138 B.R. 557 (Bkrtcy.N.D.Ill. 1992), 91 B 10487, In re Shattuc Cable Corp.
|Docket Nº:||Bankruptcy No. 91 B 10487.|
|Citation:||138 B.R. 557|
|Party Name:||In re SHATTUC CABLE CORPORATION, Debtor.|
|Case Date:||April 16, 1992|
|Court:||United States Bankruptcy Courts, Seventh Circuit|
Scott W. Wilton, Williams, Rutstein, Goldfarb, Sibrava & Midura, Chicago, Ill., for petitioner.
Robert D. Nachman, Schwartz, Cooper, Kolb & Gaynor, Chicago, Ill., for respondent.
ERWIN I. KATZ, Bankruptcy Judge.
This matter comes before the Court on the Motion of North American Plastics, Inc., for an order awarding it a lien or, alternatively, an administrative claim in lieu of reclamation of goods delivered to the Debtor prior to the filing of these bankruptcy proceedings, pursuant to § 546(c) of the Bankruptcy Code. Responses to the Motion were filed by the Debtor and by American National Bank, a secured creditor holding a prior perfected security interest in all of the Debtor's assets. The Movant filed a Reply and this matter was taken under advisement. The Court has jurisdiction over this matter pursuant to title 28 U.S.C. § 157(b)(2)(B) and (K); 28 U.S.C. § 1334 and 11 U.S.C. § 546 (1990).
Having fully considered the arguments of the parties, the Court hereby finds that North American Plastics is not entitled to either a lien against the Debtor's assets or administrative claim treatment since any right of reclamation it held was subject to and extinguished by the prior security interest of American National Bank. To the extent that the district court decision in Bosler Supply Group, 74 B.R. 250 (N.D.Ill.1987)
, holds differently, this Court finds that it is not bound by the decision of the district court under the principle of stare decisis. The following shall constitute the Court's findings of fact and conclusions of law pursuant to Bankruptcy Rule 7052.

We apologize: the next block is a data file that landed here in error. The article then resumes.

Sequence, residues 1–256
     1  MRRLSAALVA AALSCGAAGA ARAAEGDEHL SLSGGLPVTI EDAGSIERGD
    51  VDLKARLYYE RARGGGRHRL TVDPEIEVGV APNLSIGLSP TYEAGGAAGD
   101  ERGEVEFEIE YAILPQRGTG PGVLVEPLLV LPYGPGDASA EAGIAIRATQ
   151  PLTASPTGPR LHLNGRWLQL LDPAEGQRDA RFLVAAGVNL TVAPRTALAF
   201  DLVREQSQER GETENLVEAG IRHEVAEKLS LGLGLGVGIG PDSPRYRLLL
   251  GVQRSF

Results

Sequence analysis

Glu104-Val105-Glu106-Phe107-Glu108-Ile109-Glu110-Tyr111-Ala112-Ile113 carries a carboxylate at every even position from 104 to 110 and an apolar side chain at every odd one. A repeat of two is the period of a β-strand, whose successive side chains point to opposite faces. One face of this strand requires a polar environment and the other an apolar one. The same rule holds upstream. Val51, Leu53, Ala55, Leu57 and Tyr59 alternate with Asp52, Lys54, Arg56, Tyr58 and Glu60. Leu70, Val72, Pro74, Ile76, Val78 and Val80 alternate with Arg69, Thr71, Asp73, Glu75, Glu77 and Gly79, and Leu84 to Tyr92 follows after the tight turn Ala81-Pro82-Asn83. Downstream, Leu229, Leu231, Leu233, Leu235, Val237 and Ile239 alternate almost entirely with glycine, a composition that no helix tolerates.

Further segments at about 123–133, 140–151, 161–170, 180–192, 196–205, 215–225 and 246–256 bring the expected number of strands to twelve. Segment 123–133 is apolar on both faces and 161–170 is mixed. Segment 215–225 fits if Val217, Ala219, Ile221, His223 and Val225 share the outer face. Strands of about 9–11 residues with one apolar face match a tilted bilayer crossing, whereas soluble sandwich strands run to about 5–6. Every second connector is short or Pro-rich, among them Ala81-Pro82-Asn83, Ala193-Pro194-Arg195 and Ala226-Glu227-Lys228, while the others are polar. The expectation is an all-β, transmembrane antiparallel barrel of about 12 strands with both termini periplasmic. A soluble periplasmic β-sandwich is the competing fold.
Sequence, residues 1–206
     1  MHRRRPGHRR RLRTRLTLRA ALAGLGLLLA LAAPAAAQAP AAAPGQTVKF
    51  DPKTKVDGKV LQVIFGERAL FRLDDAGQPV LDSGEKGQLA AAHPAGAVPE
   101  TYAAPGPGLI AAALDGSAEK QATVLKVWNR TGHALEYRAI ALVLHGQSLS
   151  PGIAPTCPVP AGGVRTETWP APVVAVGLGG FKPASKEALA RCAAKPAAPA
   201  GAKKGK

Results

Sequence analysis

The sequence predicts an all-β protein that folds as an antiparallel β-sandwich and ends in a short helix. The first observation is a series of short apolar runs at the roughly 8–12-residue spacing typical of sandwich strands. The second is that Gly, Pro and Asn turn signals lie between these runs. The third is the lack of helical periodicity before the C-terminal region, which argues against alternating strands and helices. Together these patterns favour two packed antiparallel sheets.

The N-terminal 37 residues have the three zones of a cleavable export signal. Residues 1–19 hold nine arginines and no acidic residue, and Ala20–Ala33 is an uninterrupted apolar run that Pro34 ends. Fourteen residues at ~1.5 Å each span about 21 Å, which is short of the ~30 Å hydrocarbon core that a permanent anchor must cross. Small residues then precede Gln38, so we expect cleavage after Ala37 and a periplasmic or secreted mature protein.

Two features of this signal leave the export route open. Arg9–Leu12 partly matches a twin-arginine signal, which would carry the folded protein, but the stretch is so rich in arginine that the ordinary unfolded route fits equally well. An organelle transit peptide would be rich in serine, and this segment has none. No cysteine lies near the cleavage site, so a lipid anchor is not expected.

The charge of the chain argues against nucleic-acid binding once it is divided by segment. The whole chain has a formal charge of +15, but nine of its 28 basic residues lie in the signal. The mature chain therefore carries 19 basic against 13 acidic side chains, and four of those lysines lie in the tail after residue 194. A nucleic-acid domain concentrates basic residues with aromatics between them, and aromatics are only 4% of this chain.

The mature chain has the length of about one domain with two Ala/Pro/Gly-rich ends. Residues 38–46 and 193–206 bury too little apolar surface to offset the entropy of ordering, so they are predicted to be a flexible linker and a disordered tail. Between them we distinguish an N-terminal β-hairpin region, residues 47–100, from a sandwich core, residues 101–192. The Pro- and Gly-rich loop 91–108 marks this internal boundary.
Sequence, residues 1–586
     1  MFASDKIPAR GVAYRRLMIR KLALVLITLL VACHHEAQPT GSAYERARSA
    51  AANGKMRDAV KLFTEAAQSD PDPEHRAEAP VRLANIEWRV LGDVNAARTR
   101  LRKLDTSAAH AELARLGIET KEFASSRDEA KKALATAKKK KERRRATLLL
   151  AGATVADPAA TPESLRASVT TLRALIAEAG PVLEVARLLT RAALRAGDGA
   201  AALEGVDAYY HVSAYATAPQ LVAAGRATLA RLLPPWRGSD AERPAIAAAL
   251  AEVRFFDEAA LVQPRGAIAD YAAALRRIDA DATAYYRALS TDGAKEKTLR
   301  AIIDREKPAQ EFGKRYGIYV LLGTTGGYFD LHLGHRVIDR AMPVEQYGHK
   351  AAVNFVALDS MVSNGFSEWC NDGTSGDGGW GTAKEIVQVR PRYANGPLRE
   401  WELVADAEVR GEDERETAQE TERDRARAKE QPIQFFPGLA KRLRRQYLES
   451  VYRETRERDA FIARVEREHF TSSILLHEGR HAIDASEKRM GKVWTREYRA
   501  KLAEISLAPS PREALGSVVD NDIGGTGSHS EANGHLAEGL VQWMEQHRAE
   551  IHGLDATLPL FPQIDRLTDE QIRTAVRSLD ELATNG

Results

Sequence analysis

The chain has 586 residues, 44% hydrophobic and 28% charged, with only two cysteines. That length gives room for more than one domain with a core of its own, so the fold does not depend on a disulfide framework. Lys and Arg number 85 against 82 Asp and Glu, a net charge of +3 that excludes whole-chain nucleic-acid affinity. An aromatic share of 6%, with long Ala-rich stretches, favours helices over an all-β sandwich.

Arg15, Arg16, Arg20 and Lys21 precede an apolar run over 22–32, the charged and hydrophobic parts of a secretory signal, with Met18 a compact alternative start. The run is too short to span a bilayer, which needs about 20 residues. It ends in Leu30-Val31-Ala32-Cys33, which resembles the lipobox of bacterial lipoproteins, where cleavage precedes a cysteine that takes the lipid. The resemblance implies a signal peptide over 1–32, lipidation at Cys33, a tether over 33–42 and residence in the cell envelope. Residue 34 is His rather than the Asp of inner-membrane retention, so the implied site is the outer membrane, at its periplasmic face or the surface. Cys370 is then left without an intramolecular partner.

An involuntary Chapter 7 petition was filed against the Debtor on May 15, 1991, by the following four petitioning creditors: Group Dekko International, Inc., d/b/a Albion Wire, Inc.; Global Products Corp.; Vanessa Calabrese; and North American Plastics, Inc. The Debtor converted the involuntary Chapter 7 case to a voluntary Chapter 11 proceeding and an order for relief was entered on May 24, 1991.
Prior to the filing of the involuntary petition, North American Plastics, Inc., (hereinafter referred to as "NAP"), one of the petitioning creditors, sold goods to the Debtor on an open account for which it never received payment. NAP asserts that goods with a value of $22,647.10 were delivered to the Debtor on March 29, 1991, pursuant to an invoice and bill of lading attached to its Motion. According to NAP, it received a check from the Debtor shortly after March 29, 1991, in the amount of $24,818.56 as payment for goods previously delivered on January 30, 1991, to the Debtor on its open account. 1 This check, however, was not honored by the Debtor's bank and it was returned to NAP on or about April 3, 1991, marked "Not Sufficient Funds." NAP did not thereafter receive any funds for this NSF check, or any other form of payment for the outstanding balance on the open account. Specifically, NAP never received any form of payment for the goods shipped on March 29, 1991.
On April 4, 1991, NAP made a written demand upon the Debtor for reclamation of the March 29th shipment of goods pursuant to § 2-702 of the Uniform Commercial Code. The Debtor has stipulated that (1) it received the written reclamation demand on April 4, 1991; (2) all of the goods delivered by NAP on March 29, 1991, were in its possession at the time it received the reclamation demand; and (3) for purposes of this proceeding, the Debtor was insolvent as of March 29, 1991.
The Debtor refused to surrender the goods to NAP pursuant to the reclamation demand on the grounds that American National Bank held a prior, perfected security interest in all of the Debtor's inventory which prevented it from returning the goods to NAP. NAP and the other petitioning creditors then initiated the involuntary bankruptcy proceedings against the Debtor on May 15, 1991, and the Debtor converted those proceedings to a voluntary Chapter 11 proceeding on May 24, 1991.
Following the commencement of these bankruptcy proceedings, American National Bank (hereinafter referred to as "Bank"), asserted a secured claim against the Debtor and sought to enforce a security interest in all of the Debtor's assets, including the goods delivered on March 29th by NAP. The secured claim of the Bank is based on an installment note dated August 9, 1990, in the original principal sum of $278,350.17, and a demand note dated February 7, 1989, in the original principal sum of $800,000. These notes were secured by a blanket first-lien and security interest in all the assets of the Debtor,